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short essays and reports on the economic issues of the day
2007 ■ Number 16

Is the Term Spread Still Speaking to Policymakers?
Some International Evidence
Massimo Guidolin and Allison K. Rodean
ong-term interest rates are usually higher than shortterm interest rates; thus, the difference between the two
rates, the term spread, is usually positive. Over the past
20 years, for most developed countries, a negative term spread
tended to precede a recession approximately three quarters
later.1 One reason for this predictability might be that the negative term spread results from monetary tightening, a rise in
short-term interest rates. These high short rates in turn produce an economic slowdown.
The United States, however, has recently observed a low
(sometimes negative) term premium with no recession. For
most of 2005 and all of 2006, the average term spread between
the yield of 10-year constant-maturity Treasury bonds and of
3-month Treasury bills was only 35 basis points, compared
with its historical average of 142 basis points. Surprisingly,
during this time U.S. real GDP maintained 3 percent growth
per year. Has the term spread stopped accurately forecasting
The chart shows the relationship for G7 countries between
a negative term spread and real GDP growth
three quarters later. If a negative term spread
predicted a recession, all the data points would
fall in the bottom panel. Clearly this is not the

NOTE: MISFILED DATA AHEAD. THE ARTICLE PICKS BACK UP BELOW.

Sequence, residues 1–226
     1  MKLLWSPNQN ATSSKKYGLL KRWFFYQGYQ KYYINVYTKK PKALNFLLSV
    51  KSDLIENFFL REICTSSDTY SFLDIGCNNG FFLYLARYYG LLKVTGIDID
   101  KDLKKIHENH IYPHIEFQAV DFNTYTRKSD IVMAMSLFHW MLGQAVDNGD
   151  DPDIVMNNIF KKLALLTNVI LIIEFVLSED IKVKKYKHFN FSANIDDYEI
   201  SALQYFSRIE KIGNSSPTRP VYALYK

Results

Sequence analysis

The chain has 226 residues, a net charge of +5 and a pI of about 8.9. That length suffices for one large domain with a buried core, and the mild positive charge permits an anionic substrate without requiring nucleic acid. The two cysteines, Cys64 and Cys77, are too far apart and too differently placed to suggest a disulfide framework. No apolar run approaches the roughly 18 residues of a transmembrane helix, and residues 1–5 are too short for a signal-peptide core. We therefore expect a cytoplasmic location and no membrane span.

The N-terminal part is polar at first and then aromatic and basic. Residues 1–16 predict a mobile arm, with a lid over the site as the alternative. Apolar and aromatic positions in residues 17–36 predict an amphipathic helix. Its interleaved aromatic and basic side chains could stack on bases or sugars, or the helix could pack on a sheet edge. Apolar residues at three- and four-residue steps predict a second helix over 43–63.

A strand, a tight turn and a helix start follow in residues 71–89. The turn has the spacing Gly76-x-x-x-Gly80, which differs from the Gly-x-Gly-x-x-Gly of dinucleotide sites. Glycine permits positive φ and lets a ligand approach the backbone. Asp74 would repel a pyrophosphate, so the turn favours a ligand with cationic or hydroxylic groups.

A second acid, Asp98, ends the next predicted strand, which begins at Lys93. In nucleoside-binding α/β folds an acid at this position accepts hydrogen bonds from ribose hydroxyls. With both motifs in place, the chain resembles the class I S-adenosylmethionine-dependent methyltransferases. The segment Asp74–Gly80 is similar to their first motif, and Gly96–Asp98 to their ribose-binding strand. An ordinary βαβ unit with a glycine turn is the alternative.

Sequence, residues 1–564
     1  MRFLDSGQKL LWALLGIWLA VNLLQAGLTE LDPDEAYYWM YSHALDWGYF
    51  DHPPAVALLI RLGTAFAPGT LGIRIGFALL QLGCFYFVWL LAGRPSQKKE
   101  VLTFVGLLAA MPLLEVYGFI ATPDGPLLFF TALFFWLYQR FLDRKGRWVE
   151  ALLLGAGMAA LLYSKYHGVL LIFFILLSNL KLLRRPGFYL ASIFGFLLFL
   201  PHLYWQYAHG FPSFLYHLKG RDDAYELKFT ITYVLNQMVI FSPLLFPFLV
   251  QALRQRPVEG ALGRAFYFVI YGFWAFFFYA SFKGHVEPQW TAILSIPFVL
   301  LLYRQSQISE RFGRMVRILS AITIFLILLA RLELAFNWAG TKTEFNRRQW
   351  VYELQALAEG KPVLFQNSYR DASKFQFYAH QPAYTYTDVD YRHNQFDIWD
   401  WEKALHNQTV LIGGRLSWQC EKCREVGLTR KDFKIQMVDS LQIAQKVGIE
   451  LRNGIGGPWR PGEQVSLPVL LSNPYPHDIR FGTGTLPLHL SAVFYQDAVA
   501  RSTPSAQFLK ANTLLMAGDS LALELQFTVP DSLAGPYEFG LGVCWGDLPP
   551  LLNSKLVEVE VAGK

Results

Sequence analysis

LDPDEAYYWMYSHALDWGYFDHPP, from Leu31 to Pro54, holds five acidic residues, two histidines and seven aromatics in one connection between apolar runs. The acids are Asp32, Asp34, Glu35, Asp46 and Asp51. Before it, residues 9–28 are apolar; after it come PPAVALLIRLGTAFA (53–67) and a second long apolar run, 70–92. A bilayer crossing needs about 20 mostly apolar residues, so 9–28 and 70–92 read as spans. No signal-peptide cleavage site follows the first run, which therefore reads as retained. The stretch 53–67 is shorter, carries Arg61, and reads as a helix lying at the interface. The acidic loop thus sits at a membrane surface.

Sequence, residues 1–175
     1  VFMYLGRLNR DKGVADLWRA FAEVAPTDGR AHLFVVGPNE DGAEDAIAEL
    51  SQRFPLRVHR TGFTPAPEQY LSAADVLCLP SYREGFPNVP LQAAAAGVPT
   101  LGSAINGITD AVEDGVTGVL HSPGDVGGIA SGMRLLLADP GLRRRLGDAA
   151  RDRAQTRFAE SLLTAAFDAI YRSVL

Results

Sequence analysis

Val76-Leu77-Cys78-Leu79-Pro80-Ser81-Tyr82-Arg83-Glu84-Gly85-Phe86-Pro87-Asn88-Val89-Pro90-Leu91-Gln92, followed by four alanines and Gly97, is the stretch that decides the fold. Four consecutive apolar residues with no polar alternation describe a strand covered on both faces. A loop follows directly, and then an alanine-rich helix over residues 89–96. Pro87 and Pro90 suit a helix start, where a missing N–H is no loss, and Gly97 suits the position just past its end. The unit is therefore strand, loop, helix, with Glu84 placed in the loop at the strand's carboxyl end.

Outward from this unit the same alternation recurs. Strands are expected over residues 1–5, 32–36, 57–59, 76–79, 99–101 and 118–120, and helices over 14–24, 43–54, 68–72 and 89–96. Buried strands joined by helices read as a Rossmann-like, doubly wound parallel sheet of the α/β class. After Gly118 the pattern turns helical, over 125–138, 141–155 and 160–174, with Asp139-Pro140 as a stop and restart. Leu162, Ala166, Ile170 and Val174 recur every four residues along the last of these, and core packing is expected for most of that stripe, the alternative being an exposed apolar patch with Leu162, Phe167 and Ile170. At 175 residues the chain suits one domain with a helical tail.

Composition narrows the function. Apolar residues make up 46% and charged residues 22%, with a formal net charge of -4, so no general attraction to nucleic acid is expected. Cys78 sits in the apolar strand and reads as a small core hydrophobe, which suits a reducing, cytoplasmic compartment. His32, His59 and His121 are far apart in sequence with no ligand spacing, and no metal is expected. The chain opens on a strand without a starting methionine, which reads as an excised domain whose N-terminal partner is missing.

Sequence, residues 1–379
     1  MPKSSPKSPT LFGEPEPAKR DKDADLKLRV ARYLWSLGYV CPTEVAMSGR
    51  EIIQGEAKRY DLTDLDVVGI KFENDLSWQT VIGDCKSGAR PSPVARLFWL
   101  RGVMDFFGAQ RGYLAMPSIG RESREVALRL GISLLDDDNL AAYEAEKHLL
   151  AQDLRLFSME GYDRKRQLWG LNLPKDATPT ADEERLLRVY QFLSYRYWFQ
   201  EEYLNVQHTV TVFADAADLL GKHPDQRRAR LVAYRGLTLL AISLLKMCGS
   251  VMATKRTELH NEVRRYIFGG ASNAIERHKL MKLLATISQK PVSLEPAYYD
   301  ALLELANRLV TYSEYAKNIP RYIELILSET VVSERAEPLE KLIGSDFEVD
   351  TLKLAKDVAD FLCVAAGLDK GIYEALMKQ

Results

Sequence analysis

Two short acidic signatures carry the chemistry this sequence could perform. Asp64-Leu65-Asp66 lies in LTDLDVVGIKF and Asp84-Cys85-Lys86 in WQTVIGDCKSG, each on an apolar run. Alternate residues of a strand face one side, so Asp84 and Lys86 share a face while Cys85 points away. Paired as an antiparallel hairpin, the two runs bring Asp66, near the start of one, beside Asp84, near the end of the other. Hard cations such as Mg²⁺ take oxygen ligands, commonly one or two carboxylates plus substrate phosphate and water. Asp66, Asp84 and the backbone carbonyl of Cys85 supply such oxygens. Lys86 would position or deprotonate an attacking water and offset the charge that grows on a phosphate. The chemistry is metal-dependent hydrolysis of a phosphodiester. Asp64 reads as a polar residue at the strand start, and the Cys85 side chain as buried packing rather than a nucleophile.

case: Less than one quarter of the points fall
Before 1995
in the bottom panel. The predictive power of
After 1995
the term spread has deteriorated even further
since the 1990s. By dividing the data into two
time frames (i.e., pre- and post-1995), we show
that for the data since 1995 (blue squares) a
negative term spread has rarely forecasted a
recession three quarters in advance. In fact,
in the most recent 12 years, a negative term
spread has predicted a recession correctly in
only one quarter.
The reasons why the forecasting power of
the yield curve has deteriorated remain
unclear. Some economists have argued that
this relationship may depend on the types of
shocks affecting the economy (e.g., supply


shocks from oil prices vs. demands shocks from increased
consumption).2 Other economists have argued that globalization has affected the economy in which the Federal Reserve
(and, as of late, the European Central Bank) has successfully
pursued price-stability goals: It may be that low inflation along
with sustained growth can be achieved with weaker and lessfrequent changes in the term spread. In any event, the poor
recent predictive power of the term spread lessens the fear that
the current low/negative spread in the United States portends
a recession in the near future (although it is important to note
that the chart shows data for seven countries with rather heterogeneous macroeconomic conditions over the past 50 years).
The term spread has simply stopped speaking (i.e., forecasting
recessions) to policymakers everywhere around the world. ■

We define recession as two or more consecutive quarters of negative real GDP
growth. The G7 countries (discussed below) are Canada, France, Germany, Italy,
Japan, the United Kingdom, and the United States.


Smets, Frank and Tsatsaronis, Kostas. “Why Does the Yield Curve Predict
Economic Activity? Dissecting the Evidence for Germany and the United States.”
CEPR Discussion Paper No. 1758, Centre for Economic Policy Research, 1997.

GDP Growth Rate (3Q ahead)




Term Spread (%)

Views expressed do not necessarily reflect official positions of the Federal Reserve System.